Within each week, the online community of over 275 active participants was asked questions and given surveys and polls that would help generate new ideas for climate actions and indicate priorities.
There were 56 topics in total. The weeks were moderated by volunteer experts in each of the topic areas. Once the engagement concluded, all of the ideas and priorities were synthesized for review and discussion by a set of work groups focused around each topic area.
Sector work groups were formed and met several times to help refine and develop mitigation and adaptation goals and strategies for the plan. The work groups were also charged with helping to identify important linkages across sector areas—where a strategy in one sector also provides mitigation and/or adaptation benefits in another sector.
This exercise helped to further focus in on the strongest strategies to include in the plan. There were six work groups covering the areas of transportation and land use, public health, food systems and green infrastructure, energy and buildings, innovation and finance, and waste.
MARC held 11 one-hour online community discussions to hear feedback from community members on the goals and strategies in the action plan. The strategies, along with an explainer video, was posted online for the public to review.
Community members were invited to choose one of the discussion times that best worked with their schedules. Organizations or individuals interested in providing feedback were able to request special meetings as needed or send feedback via email to staff. The community sessions had over 70 participants.
Climate Conversations was a series of 14 short video interviews that was produced and promoted during the first phase of community engagement, aligning with each weekly topic to provide education and generate interest. Each interview hosted experts and community leaders who share about the work they are involved in and what their climate action priorities are.
All Climate Conversations interviews can be found
Engagement of vulnerable communities
There are many organizations in the region that took part in the engagement process that directly serve vulnerable communities. Their voices were extremely powerful in conversations about equity and climate justice and how the plan should reflect these tenets. MARC and the Climate Action KC Equity Committee held several meetings with additional organizations, and this work will be continued with a focus on supporting leadership-building in the communities that are most vulnerable to the impact of a changing climate.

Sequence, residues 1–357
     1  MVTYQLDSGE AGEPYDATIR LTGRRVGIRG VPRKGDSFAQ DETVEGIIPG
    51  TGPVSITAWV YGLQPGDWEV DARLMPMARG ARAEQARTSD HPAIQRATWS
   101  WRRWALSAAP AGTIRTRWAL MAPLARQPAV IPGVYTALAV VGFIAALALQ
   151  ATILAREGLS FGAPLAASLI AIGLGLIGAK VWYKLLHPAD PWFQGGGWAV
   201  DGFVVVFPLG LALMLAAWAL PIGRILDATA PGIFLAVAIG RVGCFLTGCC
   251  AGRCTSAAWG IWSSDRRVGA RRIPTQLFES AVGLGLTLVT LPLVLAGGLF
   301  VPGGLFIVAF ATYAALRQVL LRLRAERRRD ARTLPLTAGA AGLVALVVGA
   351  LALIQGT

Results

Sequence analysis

Local government leadership engagement
Climate Action KC formed a youth committee to provide a platform for young leaders to connect to regional climate action planning and explore ways to translate that action within a school setting. Youth from schools across the region took part in this committee and offered hopes and ideas for the plan. The committee worked through a process to prioritize actions that they would like to pursue as a group as well as ways to coordinate and connect schools across the region in these efforts.
Local government leadership engagement
Engaging local government leaders, including elected officials, city and county management, and staff, in discussions about climate resilience is critical to the implementation of the plan. While many local government leaders took part in all phases of engagement during the plan’s development, targeted efforts were made to bring in as much local leadership into the conversation as possible. A natural point of interaction lies in the myriad of MARC committees. Many presentations were made over the course of nearly two years to these committees, including the MARC Board of Directors, Air Quality Forum, Total Transportation Policy Committee, Sustainable Places Policy Committee, Regional Transit Coordinating Council, Planners’ Roundtable, Managers’ Roundtable and many more. In many cases, these committees posed questions about coordination on climate issues at the city and county level, and provided a sounding board for some of the boldest ideas in the plan.